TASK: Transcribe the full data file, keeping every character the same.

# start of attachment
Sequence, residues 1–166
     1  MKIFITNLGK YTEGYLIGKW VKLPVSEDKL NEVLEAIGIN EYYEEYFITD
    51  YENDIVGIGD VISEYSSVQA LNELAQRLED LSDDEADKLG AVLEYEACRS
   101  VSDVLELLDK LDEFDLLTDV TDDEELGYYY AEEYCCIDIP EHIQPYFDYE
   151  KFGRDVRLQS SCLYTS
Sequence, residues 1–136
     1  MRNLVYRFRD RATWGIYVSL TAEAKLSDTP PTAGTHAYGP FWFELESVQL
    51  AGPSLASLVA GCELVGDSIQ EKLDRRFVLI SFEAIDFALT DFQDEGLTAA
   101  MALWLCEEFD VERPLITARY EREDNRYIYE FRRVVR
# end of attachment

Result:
Sequence, residues 1–166
     1  MKIFITNLGK YTEGYLIGKW VKLPVSEDKL NEVLEAIGIN EYYEEYFITD
    51  YENDIVGIGD VISEYSSVQA LNELAQRLED LSDDEADKLG AVLEYEACRS
   101  VSDVLELLDK LDEFDLLTDV TDDEELGYYY AEEYCCIDIP EHIQPYFDYE
   151  KFGRDVRLQS SCLYTS
Sequence, residues 1–136
     1  MRNLVYRFRD RATWGIYVSL TAEAKLSDTP PTAGTHAYGP FWFELESVQL
    51  AGPSLASLVA GCELVGDSIQ EKLDRRFVLI SFEAIDFALT DFQDEGLTAA
   101  MALWLCEEFD VERPLITARY EREDNRYIYE FRRVVR